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  • Writer's pictureEitan Netzer

What Set of Skills does your Data Scientist Need?

Updated: Oct 24, 2021

Data science has been attracting a lot of attention recently. The potential in using data science and Artificial Intelligence to analyze data is the fuel of the next industrial revolution. The question that remains is how hard it is to join the "party". What kind of skills are needed to practice data science? In this article, we will discuss the barriers to entering that field.

It is common practice to split the background knowledge data scientists need into three parts:

  1. Computer skills/IT skills – this is a relatively "easy" demand. Computer skills such as SQL and scripting are becoming "common knowledge", and a rather large portion of the data science community possesses those skills. However, these skills go together with big data, and if your IT skills are not good enough, every stage of the work could take a long time.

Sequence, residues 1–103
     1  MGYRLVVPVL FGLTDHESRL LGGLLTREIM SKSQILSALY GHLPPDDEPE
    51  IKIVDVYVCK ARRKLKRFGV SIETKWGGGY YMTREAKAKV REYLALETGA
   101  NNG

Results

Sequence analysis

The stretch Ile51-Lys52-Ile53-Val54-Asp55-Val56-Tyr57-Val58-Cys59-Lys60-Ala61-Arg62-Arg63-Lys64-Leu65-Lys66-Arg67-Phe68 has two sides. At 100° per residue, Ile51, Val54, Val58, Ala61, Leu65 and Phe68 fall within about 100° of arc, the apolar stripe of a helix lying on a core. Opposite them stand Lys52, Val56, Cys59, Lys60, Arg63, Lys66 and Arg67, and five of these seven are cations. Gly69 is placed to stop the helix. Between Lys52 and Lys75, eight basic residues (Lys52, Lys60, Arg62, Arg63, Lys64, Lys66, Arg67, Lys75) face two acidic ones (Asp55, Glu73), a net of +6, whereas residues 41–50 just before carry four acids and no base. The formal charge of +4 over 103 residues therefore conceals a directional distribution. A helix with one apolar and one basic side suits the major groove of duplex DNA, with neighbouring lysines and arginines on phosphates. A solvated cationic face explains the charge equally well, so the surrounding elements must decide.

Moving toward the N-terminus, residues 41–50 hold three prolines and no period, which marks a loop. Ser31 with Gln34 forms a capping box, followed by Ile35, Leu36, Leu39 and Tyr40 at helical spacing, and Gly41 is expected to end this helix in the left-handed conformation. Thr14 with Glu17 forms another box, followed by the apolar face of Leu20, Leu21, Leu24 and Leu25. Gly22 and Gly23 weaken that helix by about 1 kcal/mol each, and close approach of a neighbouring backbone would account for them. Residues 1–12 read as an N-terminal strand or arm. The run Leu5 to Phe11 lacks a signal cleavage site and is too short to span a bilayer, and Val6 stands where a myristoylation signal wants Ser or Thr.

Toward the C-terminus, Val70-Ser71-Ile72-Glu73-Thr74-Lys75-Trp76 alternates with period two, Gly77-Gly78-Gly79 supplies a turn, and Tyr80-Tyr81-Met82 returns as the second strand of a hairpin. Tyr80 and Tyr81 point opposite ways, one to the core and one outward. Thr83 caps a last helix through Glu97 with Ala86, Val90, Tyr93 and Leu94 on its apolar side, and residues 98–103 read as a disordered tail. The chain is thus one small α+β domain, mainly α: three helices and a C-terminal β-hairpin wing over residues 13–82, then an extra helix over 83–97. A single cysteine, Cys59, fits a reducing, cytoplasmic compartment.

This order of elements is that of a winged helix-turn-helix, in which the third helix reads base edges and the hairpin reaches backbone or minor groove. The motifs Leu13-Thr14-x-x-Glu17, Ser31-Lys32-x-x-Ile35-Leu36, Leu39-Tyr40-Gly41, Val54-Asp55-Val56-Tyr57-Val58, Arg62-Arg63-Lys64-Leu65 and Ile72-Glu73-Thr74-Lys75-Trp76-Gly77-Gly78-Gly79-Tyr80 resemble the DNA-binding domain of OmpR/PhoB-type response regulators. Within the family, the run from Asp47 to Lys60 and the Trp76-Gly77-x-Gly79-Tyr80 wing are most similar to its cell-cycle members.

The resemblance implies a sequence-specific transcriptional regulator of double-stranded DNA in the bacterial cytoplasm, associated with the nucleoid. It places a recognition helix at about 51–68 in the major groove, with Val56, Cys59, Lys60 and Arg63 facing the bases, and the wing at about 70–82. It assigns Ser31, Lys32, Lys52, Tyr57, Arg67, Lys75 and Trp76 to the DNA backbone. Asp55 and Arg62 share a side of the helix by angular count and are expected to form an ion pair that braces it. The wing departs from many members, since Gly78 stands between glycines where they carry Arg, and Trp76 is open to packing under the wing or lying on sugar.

2. Domain/Business knowledge – while this sounds easy, finding a good analyst who knows to ask the right questions rather than just answering them is rare. This skill requires you to understand your data better than anyone else and is very domain-specific, making it harder to utilize across different disciplines.

  3. Math and Statistics knowledge – this is a very challenging requirement. Even basic algorithms require an understanding of linear algebra and calculus at a university level. These are courses most people overlook or underestimate in their first year of university.

Math, or better yet "scientific" thinking, is also required for designing good and correct data experiments. Good experiment design comes with a thesis or idea of what can be done with the data. Creating an experiment or simulation to prove a thesis is not an easy task and is hardly ever taught in any course. It means you can only learn it on the job.

A good data scientist is considered to have all these skills combined - a true "unicorn" in the job market out there. Even then, each data scientist will usually fit only one domain.

The paradigm must change. For machine learning to take place properly, a combined mathematical and IT team needs to build the data channels for the domain expert. It is the domain expert, not the data scientist, who needs to clean the data, analyze it, and then "teach" the machine.

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